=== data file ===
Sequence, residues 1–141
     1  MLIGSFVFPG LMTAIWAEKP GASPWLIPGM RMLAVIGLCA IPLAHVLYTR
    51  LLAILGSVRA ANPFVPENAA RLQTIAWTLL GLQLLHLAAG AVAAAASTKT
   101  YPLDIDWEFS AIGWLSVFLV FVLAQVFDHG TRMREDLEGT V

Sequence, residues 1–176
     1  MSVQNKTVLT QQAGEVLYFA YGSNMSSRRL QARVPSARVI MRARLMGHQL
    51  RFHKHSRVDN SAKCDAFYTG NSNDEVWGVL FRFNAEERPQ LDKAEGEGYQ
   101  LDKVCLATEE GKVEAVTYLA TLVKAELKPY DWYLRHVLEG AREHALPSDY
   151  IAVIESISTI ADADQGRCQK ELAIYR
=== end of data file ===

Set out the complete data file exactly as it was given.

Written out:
Sequence, residues 1–141
     1  MLIGSFVFPG LMTAIWAEKP GASPWLIPGM RMLAVIGLCA IPLAHVLYTR
    51  LLAILGSVRA ANPFVPENAA RLQTIAWTLL GLQLLHLAAG AVAAAASTKT
   101  YPLDIDWEFS AIGWLSVFLV FVLAQVFDHG TRMREDLEGT V

Sequence, residues 1–176
     1  MSVQNKTVLT QQAGEVLYFA YGSNMSSRRL QARVPSARVI MRARLMGHQL
    51  RFHKHSRVDN SAKCDAFYTG NSNDEVWGVL FRFNAEERPQ LDKAEGEGYQ
   101  LDKVCLATEE GKVEAVTYLA TLVKAELKPY DWYLRHVLEG AREHALPSDY
   151  IAVIESISTI ADADQGRCQK ELAIYR